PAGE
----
Tuesday, 1 September 2015

What's in a mouthwash?

If we're talking commercial mouthwash, then sometimes, some very nasty things indeed. Bottom line, in this household if can we replace a commercial product with something home made (and home grown), that's what we do. That's the subject of today's post.

Mouthwash may or may not even be necessary to good oral health, but let's face it, a lot of people enjoy how it feels.

Here's the ingredient list for Spry Coolmint Oral Rinse, one of the "better" brands, sold at most "health food stores":

See now, there's good and bad in there, for sure. Those extracts (similar to tinctures) are all made from herbs that are pretty good for oral health. I know nothing about olive leaf and have little experience with aloe vera - if I can't grow it or forage for it, I don't use it - but the others I can attest to and I'll get back to them in a minute. But I sure am getting red flags about that "Cool Mint Flavour (blend of natural flavours)"! We all know how to read labels nowadays, right? So we know that "natural flavour" is code for, well, artificial. And as these ingredients are in order of largest to smallest amounts then we know there's a lot more fake than natural in there.

Then there's the freaking ethanol, which would be why this is "Not intended to be swallowed". Look, if something is so harsh that you ought not to swallow it, I don't see how it's good for delicate tissues like gums and the tongue. No sir, I don't like it. We have to keep in mind as well that most of the time commercial "extracts" are made with ethanol too. If so, to my mind this negates any good of the herbs AND means there is more ethanol than declared on the label.

Purified Water, meh.

The jury is definitely still out on glycerine, it's a debate long hashed out on the internet. I suppose it depends on how you feel about a coating on your teeth! Although glycerine is touted as a moisturiser, I find it dries out my skin in the long term when I use a glycerine soap. It's not a terrible ingredient, I just don't happen to like it. Or want it in my mouth.

Calcium Glycerophosphate. Now there's a mouthful. Benefits? Risks? How's it made? Maybe it's fine, maybe it's not, I simply don't know. A search on pubmed offers this list of studies. Honestly, though, these sorts of studies make me cross-eyed. As this is not an ingredient I can buy over the counter in its pure form for my own N=1, (and I definitely can't forage for!) I'm going with my gut and saying it's something I can live without in my mouthwash. Another ingredient you wouldn't want to ingest regularly .

Which brings us to Xylitol. Now if you know me, you know I am not a fan of anything much that's been processed to a crystalline or powder form. But I like Xylitol. I don't ingest the stuff, although some do. I take a spoonful, let it dissolve on my tongue then swish the resulting saliva/Xylitol mix around in my mouth while I shower. Sort of like oil-pulling which I just find icky and can't do. And you know what? It's been great. Xylitol is derived from birch or corn. I prefer to get the type made from birch, for obvious reasons.

Here is a blurb about Xylitol from a site on do-it-yourself oral care. (A good thing in this world of extreme dentistry.) Don't be too put off by the exuberance of the piece, the site owner has no conflict of interest that I know of, she's just impressed. So am I. Xylitol is a very useful product. Here is a pubmed study for those who enjoy the more in-depth look and a fairly easily understood explanation of how it works.

Now speaking of dentists, many of you who read Tim Steele's blog will be familiar with Gabriella, who often participates in comment threads. (She may even be a member of the top-secret Brain Trust, but I am not party to such information.)You may not know that Gabi is a dentist - but she's not one of those dentists that we love to hate, she's a down-to-earth type who loves a good home remedy as much as I do (and that's saying something!). When the two of us were talking about the use of herbs for oral health she shared with me her remedy for all problems gum related, especially those irritations that can suddenly become acute and cause all manner of mayhem:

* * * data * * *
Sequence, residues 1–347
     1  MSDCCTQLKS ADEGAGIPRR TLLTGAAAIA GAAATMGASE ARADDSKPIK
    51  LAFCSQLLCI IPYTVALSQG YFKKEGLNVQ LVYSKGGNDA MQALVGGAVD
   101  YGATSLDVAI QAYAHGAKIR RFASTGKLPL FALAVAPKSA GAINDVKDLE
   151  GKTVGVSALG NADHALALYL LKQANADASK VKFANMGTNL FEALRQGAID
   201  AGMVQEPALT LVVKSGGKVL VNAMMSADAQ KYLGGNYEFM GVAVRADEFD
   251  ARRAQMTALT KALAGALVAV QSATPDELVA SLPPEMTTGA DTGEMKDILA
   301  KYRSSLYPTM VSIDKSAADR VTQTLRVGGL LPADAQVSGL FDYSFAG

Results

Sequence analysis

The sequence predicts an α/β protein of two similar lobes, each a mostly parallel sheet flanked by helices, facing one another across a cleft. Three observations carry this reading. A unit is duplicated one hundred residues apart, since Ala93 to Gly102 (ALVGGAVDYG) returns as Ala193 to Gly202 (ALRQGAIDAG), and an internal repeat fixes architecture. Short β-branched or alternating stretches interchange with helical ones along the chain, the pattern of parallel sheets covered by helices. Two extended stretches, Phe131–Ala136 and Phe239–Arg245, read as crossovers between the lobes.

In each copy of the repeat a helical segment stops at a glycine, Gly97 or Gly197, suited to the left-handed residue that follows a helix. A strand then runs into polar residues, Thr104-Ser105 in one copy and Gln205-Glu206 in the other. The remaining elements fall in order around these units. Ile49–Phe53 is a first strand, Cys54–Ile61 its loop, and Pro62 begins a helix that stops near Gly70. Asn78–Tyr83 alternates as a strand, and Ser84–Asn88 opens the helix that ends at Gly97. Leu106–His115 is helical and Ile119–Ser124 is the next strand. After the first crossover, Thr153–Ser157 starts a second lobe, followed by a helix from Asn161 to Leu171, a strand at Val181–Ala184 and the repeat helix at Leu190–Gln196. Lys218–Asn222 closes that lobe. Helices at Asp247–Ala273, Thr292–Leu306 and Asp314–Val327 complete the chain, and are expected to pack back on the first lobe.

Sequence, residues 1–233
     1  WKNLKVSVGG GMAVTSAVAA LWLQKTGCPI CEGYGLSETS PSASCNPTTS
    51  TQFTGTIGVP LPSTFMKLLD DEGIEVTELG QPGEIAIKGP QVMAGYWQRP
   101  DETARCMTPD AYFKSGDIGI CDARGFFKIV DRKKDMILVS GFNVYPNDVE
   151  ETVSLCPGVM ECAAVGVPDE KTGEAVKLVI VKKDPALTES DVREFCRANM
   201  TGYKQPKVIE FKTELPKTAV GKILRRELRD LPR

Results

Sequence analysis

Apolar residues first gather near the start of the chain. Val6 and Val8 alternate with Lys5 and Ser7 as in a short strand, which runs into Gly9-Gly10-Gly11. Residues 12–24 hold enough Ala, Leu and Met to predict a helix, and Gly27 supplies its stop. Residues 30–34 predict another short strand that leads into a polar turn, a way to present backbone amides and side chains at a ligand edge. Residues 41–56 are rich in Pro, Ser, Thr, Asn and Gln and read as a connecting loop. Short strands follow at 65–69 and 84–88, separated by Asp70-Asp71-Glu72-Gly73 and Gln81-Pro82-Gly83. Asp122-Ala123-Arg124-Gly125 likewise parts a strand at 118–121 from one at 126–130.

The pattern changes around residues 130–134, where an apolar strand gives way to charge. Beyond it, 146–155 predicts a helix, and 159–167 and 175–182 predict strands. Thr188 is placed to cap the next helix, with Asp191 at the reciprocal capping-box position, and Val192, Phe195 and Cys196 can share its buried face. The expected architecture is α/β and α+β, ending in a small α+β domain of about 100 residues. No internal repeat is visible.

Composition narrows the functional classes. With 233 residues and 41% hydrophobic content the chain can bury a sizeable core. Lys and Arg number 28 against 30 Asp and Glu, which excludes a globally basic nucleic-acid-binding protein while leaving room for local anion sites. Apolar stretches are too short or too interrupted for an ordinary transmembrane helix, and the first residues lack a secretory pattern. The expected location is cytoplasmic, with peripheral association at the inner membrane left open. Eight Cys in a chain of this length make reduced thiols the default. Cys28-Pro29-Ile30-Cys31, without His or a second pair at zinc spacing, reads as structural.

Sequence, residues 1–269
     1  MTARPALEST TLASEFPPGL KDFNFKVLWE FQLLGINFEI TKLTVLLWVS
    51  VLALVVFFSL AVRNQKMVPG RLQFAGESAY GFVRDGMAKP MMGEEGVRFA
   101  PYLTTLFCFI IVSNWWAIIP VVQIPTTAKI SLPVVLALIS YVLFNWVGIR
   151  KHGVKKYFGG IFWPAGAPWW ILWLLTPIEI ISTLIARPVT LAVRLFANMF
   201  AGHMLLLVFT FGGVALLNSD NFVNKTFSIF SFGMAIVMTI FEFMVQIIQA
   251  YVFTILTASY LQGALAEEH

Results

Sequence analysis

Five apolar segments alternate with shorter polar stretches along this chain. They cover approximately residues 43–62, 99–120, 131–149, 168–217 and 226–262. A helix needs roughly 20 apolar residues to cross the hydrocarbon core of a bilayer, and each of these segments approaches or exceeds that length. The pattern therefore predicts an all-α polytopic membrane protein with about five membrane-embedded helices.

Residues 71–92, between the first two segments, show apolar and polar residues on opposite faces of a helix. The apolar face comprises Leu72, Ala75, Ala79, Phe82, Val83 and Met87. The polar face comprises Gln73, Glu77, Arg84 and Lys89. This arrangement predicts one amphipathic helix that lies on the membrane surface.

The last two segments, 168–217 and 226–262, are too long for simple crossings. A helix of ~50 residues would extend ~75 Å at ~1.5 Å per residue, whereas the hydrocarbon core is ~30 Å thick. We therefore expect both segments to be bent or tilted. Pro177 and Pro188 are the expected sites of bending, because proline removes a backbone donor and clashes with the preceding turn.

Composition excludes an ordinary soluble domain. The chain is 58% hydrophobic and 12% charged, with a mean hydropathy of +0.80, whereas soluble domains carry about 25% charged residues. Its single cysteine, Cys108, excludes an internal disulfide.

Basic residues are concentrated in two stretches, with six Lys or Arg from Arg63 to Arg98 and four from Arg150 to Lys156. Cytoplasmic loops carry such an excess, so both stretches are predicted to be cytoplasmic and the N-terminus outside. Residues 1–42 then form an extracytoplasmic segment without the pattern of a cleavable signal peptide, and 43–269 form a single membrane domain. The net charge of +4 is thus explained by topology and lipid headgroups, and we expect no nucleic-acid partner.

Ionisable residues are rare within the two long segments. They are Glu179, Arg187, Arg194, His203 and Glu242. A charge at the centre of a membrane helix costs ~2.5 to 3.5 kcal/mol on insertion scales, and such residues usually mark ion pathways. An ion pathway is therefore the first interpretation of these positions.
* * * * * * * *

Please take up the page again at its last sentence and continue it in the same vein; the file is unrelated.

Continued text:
Put a heaping spoonful each of chamomile and sage in a cup, pour in boiling water and allow to steep until cool. Use this to rinse the mouth several times a day using the whole cup's worth each time. Don't swallow it though, warns Gabriella, it's so strong it will make you barf.

Before hearing Gabi's remedy, I was working on a recipe for mouthwash loosely based on the ingredients in the Spry rinse above. My husband has always enjoyed a fresh mouth (don't we all); he kind of liked the taste of the Spry but he certainly didn't like the stinging sensation. I'd been thinking of basing my recipe on tinctures and initially hoped for something that would keep as well on the counter as commercial brands. But I didn't like the idea of the high level of alcohol required for preservation - or the sheer volume of my precious tinctures we'd go though using it every day. They're expensive to make and even with the wide open spaces I have to forage in, I have a limited supply of herbs! Thus were born the herbal tea rinses we've been using for several months now.

There are many, many herbs that are soothing, cleansing and will keep the gums in tip top shape*. As teas, these won't sting and they are perfectly safe to gargle with or swallow. I've used herbs fresh from the garden and some are ordinary culinary herbs from the kitchen.

I generally make them up in the evening before I do the dishes. I put the kettle on, go out to the garden while it comes to a boil and pick what looks good that evening. Just to give you an idea (please, be creative!), here are some the things I've tried so far:

Red clover blossoms, nettle leaves (picked young), calendula blossoms, roses, and mint are all delightful; they leave the mouth feeling clean and fresh. Each of these have their specific talents of course, which I'll cover individually in other posts.

Sage, thyme, and rosemary are medicinal tasting, although still very "good", not exactly pleasant, especially the rosemary but that may just be me. I did notice better saliva flow after using rosemary, which was interesting. I detest the taste of chamomile, but I will try it if I have an emergency, per Gabi.